Hanging up the scrubs.
- 12Nov 10, '12 by AHeart4KidsHi all! I've been a clinical nurse for the past four years, ultimately transitioning to the ER which I thought would be the love of my life. I learned a lot, just not the lessons I'd originally intended. I have witnessed so many problems with health care up close and personal, as any ER nurse will attest - the frequent fliers, the underserved psychiatric population, the drug seekers, and ultimately the widespread abuse of the system. I had kind of an eye opening experience while triaging a young kid who got hooked on pain medication after coming to the ER with a relatively minor injury and now returned for detox. I realized in that moment that I am part of the problem. I see how many resources are wasted, how many unnecessary narcotics are given, how much room for improvement exists for most of the chronic health conditions treated in the ER. I truly had a crisis of conscience after this and decided that I needed to pursue something I could really believe in. That said, I am about to begin a role in management. I have big aspirations and hope I can help be part of a true reform that healthcare so badly needs - one day at a time, one small task at a time.
- 0Nov 10, '12 by JessiekRNJust wanted to say thanks for your post- I really can relate. I've also been an RN for four years and made my way recently (February) to the ER, and as you described, much of the ER came as a rude awakening, one that continues to surprise me on a daily basis. I've thought long and hard about the problems you described, as well as the inner conflict you mentioned- most days I feel like I'm part of the "system" and just by my very role, feeding into the ER culture that's been created, by a multitude of causes and factors. I don't know where as a society we can even begin to address some of these deeply rooted issues- the political, cultural, social, economic discussions could be endless. Having said that I'm glad you are trying to make a difference- you are going into ER management, I'm assuming, by your post? Would you be able to elaborate on the kind of direction you want to take to begin addressing some of the issues you mentioned? Thank you for your post- I'm grateful to not be alone in feeling that the ER system is a true reflection of our health care system these days- a giant mess that continues to get messier.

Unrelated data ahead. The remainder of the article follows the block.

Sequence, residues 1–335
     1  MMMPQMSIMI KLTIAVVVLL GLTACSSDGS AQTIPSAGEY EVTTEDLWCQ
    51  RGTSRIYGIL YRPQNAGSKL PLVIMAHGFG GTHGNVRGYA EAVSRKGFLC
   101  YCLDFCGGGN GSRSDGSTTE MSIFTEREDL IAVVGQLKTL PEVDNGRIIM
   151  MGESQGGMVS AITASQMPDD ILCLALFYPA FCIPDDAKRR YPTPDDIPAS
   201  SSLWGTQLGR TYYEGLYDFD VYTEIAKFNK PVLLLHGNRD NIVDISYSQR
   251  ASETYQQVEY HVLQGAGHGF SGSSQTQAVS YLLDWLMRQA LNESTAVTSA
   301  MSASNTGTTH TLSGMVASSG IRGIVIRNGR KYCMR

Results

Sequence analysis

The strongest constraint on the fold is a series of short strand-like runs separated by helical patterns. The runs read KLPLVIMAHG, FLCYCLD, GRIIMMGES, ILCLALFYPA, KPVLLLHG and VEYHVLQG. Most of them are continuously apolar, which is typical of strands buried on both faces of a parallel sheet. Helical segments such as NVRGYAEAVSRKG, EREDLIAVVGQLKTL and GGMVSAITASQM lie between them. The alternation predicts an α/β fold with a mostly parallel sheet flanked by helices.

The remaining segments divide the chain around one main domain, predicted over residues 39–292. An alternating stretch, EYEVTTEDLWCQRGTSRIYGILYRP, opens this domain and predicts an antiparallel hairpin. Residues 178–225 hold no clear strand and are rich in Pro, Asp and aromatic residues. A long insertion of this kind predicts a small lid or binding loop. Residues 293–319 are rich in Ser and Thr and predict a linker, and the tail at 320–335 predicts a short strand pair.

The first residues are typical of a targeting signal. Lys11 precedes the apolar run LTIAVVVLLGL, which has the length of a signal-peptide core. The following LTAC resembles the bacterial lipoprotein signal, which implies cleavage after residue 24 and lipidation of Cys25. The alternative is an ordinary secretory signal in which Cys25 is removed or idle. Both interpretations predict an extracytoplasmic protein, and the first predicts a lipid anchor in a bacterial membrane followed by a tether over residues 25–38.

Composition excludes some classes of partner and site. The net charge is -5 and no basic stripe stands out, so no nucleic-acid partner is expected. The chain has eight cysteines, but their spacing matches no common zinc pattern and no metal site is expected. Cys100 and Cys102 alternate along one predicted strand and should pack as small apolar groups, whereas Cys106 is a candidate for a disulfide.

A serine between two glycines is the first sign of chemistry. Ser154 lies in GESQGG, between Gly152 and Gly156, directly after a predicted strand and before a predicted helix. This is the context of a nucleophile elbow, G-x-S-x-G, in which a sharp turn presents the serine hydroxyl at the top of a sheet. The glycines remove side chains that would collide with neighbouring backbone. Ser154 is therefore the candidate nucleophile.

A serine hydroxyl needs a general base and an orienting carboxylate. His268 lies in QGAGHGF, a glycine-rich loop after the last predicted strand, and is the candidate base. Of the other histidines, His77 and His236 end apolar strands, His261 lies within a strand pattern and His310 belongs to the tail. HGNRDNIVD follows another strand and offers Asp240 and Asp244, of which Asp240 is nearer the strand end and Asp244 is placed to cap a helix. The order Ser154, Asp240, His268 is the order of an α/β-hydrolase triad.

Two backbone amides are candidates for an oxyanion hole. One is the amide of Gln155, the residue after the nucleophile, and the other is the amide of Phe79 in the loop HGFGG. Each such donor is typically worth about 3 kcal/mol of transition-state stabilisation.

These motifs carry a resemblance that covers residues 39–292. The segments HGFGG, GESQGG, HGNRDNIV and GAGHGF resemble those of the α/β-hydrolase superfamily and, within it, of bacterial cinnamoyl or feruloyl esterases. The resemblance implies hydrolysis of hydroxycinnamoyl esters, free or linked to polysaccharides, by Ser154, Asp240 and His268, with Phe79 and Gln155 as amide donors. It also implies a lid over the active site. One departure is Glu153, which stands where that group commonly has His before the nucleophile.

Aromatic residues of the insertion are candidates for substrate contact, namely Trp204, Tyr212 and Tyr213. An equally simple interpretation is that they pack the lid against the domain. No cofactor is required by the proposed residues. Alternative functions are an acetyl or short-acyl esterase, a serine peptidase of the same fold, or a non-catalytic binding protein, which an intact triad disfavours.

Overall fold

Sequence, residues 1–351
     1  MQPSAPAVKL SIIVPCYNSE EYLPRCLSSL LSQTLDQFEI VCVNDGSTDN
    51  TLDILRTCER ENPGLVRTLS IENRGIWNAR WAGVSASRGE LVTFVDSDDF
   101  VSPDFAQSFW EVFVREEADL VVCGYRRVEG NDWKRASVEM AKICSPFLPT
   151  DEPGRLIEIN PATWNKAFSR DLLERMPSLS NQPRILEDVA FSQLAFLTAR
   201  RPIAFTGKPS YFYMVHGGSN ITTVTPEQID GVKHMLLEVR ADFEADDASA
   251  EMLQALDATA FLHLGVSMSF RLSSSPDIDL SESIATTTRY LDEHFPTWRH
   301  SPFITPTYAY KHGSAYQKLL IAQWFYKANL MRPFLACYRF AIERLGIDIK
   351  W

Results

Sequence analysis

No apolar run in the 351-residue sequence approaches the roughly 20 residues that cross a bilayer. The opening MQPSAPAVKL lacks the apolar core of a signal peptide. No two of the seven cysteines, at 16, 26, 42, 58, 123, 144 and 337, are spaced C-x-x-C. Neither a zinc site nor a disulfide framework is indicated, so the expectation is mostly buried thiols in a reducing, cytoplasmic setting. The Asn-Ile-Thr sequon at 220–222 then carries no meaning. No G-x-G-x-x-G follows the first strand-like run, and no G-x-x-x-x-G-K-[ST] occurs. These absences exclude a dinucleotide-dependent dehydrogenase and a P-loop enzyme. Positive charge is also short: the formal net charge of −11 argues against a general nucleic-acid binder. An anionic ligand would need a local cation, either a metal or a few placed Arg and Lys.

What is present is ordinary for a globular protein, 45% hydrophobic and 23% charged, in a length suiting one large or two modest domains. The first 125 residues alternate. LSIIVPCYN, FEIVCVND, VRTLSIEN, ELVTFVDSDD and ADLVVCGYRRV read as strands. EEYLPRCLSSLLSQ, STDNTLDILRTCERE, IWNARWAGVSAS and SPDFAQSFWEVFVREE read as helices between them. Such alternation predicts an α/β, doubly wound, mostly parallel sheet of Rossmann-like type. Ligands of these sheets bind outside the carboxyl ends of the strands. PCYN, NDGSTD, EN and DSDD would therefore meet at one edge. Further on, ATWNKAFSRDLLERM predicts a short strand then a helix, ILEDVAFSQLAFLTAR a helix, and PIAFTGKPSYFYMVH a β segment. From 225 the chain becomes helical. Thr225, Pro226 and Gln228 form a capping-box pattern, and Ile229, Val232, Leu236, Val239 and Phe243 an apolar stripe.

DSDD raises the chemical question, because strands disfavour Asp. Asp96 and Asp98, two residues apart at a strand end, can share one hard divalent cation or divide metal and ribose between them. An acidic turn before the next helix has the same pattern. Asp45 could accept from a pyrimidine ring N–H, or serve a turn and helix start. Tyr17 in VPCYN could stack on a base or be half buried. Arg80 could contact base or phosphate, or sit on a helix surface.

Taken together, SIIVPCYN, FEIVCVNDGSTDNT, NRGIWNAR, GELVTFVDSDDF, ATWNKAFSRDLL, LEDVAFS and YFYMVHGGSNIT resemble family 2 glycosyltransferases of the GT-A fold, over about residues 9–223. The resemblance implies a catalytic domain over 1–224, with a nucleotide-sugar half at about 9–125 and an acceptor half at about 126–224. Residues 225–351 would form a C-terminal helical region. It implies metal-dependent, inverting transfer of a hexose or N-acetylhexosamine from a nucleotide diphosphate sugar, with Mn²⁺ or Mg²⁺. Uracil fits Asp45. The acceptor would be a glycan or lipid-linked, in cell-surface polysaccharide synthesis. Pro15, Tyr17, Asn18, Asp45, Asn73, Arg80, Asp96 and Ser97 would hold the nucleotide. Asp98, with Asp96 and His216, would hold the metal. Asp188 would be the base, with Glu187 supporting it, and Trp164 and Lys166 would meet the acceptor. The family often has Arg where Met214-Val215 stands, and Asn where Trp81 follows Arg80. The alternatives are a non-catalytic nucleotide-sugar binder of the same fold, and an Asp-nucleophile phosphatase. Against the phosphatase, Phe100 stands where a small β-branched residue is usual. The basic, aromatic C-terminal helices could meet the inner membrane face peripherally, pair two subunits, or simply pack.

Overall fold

- 1Nov 11, '12 by BostonTerrierLoverRNDon't forget us little people, and the Highest Congratulations!! on the next phase of your career.
I can't imagine the courage, battles, set-backs (valleys), mountains climbed/moved, victories, sleepless nights, and the hard endless work/milestones you completed to arrive there, but I am proud that you have "arrived!"